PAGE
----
Sports world reaches out, helps Virginia Tech cope


Sports world reaches out, helps Virginia Tech cope


"I belong."

I still remember vividly that emotion as I stood outside Burress Hall overlooking the gorgeous, expansive view of the Virginia Tech campus on a cool, sunny morning back in the spring of 1990. It was college-tour season for graduating high-school seniors, and I had found my home for the next four years.

The tragedy this past week has only deepened and strengthened my affection for the university. Once a Hokie, always a Hokie.

A lot has been vocalized and written by alumni, students, friends, business leaders, politicians, athletes, the media -- really anyone with a shred of a tie to Blacksburg -- about how tranquil and safe and welcoming the campus and surrounding community has always been. And they are not exaggerating.

Virginia Tech and the city of Blacksburg are synonymous. Graduates own local businesses. Former students now teach. Former athletes now coach.

This part of the country used to be just Hokie Nation -- now it is Hokie Nationwide.

The nationwide reaction to this senseless tragedy has also crystallized for me how in a time of grief -- even if just for a few, fragile hours -- sports provides an outlet and plays a role on the road to recovery. The outpouring of support has raised school spirits during this dark time.

I applaud the Washington Nationals for donning Virginia Tech caps during their game Tuesday, caps that will now take a spot in the Baseball Hall of Fame next to its 9/11 memorial.

I applaud NASCAR for placing memorial, VT logo decals on the cars, especially given the deep roots many of the teams and drivers have with that region of the country.

I applaud Atlanta Falcons QB Michael Vick -- arguably the most popular and well-known athlete ever to wear a Virginia Tech jersey -- for his generous donation to the university for the victims families.

And I applaud coach Frank Beamer for his cancellation of the traditional Maroon and White Football game. He is a class act, emphasizing the need to heal before you hooray -- and I guarantee you this fall when the first few cords of Enter Sandman blare throughout Lane Stadium for the opening home game of the season, those tears you see will once again be for joy.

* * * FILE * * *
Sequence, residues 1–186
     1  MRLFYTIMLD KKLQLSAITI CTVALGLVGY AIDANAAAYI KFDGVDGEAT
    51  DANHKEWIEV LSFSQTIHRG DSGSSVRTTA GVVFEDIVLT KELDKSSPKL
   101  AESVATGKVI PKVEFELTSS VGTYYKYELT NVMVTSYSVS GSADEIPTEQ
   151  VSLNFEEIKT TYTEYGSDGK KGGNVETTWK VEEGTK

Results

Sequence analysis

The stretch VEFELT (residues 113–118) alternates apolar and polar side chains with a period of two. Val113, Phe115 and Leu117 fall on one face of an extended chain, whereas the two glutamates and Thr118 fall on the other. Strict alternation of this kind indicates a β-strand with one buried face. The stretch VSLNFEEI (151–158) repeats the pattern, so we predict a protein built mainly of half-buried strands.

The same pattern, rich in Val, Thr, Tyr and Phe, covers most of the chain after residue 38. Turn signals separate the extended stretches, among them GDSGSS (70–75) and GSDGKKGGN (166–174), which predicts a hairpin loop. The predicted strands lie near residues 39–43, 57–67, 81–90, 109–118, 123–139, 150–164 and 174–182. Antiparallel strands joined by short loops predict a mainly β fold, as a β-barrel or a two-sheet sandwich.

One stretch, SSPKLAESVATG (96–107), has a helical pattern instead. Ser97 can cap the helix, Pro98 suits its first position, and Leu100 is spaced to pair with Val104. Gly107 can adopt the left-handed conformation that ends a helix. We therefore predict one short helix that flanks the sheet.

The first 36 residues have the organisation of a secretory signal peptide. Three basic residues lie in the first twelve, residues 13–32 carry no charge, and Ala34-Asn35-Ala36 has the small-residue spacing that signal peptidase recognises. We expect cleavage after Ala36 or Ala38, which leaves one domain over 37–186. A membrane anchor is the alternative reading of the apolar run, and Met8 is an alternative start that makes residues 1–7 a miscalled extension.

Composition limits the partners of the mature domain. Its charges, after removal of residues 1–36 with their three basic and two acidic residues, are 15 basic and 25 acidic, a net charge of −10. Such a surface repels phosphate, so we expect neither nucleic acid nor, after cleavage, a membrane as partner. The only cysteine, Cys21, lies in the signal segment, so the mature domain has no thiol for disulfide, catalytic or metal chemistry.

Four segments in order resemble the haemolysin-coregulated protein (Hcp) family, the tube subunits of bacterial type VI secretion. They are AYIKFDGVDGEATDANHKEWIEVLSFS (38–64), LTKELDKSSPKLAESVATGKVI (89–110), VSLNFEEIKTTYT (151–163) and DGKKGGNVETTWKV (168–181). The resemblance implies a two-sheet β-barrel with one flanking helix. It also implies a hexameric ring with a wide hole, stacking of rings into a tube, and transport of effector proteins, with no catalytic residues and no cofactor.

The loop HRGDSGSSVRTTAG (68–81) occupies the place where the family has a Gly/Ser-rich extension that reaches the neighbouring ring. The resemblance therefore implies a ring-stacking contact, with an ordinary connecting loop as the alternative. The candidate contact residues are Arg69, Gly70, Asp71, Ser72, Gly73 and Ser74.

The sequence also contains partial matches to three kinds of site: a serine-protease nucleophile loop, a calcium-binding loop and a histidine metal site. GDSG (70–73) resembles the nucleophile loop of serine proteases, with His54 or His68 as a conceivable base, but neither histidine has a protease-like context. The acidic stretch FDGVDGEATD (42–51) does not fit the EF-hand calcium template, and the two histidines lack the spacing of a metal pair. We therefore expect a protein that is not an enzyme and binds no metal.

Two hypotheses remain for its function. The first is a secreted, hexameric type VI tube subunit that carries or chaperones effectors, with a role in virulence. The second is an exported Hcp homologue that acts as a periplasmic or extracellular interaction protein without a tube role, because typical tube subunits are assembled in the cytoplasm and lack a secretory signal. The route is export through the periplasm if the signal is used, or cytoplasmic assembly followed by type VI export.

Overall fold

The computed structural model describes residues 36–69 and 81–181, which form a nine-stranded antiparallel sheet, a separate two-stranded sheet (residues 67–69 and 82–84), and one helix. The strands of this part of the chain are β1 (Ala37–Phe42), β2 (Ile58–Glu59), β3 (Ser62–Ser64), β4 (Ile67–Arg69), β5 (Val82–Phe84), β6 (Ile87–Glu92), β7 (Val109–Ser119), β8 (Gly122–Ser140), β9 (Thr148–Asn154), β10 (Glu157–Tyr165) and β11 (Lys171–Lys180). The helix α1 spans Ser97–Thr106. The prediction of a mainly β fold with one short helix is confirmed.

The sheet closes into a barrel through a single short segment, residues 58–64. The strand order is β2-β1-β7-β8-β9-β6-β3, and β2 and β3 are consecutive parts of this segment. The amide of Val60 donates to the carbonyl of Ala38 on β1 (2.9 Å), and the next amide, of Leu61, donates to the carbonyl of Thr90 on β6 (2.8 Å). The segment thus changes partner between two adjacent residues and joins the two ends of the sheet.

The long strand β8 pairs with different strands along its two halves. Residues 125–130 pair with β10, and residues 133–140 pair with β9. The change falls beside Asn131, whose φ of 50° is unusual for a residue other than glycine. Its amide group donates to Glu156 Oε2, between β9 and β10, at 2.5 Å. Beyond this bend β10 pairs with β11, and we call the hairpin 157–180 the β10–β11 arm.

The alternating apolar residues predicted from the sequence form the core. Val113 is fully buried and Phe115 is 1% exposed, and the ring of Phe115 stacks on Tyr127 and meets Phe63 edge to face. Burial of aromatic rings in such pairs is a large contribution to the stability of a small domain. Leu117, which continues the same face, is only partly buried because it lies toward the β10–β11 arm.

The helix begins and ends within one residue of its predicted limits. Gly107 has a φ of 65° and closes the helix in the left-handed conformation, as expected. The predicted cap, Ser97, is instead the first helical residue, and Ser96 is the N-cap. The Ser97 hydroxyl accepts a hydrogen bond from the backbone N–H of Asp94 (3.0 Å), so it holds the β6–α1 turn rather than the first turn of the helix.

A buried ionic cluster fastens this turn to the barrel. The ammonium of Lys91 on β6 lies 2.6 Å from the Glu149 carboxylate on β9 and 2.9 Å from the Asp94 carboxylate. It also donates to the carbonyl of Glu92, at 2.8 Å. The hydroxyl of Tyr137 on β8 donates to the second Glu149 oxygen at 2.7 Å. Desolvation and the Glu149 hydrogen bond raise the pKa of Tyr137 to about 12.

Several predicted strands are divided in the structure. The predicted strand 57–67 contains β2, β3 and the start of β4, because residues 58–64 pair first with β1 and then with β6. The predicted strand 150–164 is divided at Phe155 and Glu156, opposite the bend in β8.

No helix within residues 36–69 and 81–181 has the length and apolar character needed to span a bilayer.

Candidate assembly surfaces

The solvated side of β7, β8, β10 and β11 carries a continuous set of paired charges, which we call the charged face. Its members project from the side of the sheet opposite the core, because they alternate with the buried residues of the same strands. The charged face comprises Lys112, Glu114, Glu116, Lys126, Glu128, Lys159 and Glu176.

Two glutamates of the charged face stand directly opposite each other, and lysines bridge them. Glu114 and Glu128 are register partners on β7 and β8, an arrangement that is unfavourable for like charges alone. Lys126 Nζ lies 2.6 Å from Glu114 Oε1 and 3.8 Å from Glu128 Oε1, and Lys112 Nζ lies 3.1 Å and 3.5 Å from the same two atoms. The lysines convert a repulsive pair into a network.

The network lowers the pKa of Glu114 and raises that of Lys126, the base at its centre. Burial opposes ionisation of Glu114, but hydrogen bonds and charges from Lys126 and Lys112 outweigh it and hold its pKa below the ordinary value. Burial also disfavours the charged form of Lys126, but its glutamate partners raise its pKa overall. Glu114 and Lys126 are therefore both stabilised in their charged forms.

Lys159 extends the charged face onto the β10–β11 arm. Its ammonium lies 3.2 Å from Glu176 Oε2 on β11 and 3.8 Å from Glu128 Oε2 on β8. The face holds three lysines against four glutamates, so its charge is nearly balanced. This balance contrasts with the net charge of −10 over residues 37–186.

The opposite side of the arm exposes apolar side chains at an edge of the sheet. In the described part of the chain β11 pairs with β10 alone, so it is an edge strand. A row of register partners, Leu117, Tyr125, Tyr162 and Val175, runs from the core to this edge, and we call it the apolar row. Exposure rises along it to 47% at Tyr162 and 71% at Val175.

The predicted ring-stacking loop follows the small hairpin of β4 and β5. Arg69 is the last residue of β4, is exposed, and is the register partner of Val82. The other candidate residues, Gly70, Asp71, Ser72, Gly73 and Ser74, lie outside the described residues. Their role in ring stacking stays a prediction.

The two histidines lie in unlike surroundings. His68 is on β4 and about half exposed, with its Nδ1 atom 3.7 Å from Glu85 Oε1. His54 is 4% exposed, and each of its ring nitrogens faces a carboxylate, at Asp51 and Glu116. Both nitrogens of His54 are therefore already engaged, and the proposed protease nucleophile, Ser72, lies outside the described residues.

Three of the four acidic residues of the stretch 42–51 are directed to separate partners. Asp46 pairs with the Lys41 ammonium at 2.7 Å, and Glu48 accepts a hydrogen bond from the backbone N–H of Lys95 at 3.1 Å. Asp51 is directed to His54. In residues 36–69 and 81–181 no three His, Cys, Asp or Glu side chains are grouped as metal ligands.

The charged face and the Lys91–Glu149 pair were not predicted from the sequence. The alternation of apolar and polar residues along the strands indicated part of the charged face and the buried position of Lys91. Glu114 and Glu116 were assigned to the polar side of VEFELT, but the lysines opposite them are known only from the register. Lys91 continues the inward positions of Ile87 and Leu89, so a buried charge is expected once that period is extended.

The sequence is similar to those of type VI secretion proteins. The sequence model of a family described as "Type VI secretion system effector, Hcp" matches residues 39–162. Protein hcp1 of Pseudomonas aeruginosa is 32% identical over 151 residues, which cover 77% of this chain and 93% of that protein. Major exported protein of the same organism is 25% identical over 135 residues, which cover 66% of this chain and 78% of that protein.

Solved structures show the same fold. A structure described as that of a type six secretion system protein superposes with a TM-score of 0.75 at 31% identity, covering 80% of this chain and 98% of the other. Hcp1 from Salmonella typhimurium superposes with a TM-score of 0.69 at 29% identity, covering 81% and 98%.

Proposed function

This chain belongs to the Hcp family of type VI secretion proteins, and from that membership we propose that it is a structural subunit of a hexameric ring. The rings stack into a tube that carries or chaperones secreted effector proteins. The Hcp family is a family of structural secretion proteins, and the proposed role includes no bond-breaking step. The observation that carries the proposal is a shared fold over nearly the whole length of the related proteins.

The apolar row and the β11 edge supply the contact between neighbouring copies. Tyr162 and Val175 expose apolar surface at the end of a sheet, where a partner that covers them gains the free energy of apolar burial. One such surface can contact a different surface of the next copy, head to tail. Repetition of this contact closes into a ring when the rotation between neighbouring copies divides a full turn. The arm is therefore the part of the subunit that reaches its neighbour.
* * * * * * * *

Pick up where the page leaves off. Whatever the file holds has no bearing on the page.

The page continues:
But for now we work to dry the tears of sorrow, knowing that Virginia Tech and its local and extended community will never be the same. This could have happened to anyone, in any town, at any school, at any time -- but it happened at my school, where not so long ago I was the one walking across campus to Norris Hall for class. And while I did not personally know any of the victims, the entire Hokie Nation has been victimized.

And now, as the entire world watches, the international community is realizing that Hokie resolve is as strong as the stone that bares its name -- stone that has been used for more than 130 years to build the campus and community.

The memories and images of this tragic event will forever scar, and we will never forget, but my personal resolve to one day have my children stand on those same steps outside Burress Hall as I did has not wavered.

We are Virginia Tech.

Elliott Gordon graduated Virginia Tech in 1994. He was NASCAR.COM's Director of Programming from 2001-2006.


As posted on NASCAR.COM on April 20th, 2007:
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Elliott Gordon




Elliott Gordon




Elliott Gordon, “Sports world reaches out, helps Virginia Tech cope,” The April 16 Archive, accessed May 27, 2024,